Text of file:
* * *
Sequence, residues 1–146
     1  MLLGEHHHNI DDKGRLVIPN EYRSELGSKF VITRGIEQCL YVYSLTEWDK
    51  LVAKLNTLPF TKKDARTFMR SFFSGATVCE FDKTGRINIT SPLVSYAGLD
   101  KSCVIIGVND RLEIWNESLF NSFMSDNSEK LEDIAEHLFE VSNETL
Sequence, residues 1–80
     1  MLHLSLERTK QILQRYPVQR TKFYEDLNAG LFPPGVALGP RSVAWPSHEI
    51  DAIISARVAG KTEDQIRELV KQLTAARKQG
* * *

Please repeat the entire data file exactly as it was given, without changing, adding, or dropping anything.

Sequence, residues 1–146
     1  MLLGEHHHNI DDKGRLVIPN EYRSELGSKF VITRGIEQCL YVYSLTEWDK
    51  LVAKLNTLPF TKKDARTFMR SFFSGATVCE FDKTGRINIT SPLVSYAGLD
   101  KSCVIIGVND RLEIWNESLF NSFMSDNSEK LEDIAEHLFE VSNETL
Sequence, residues 1–80
     1  MLHLSLERTK QILQRYPVQR TKFYEDLNAG LFPPGVALGP RSVAWPSHEI
    51  DAIISARVAG KTEDQIRELV KQLTAARKQG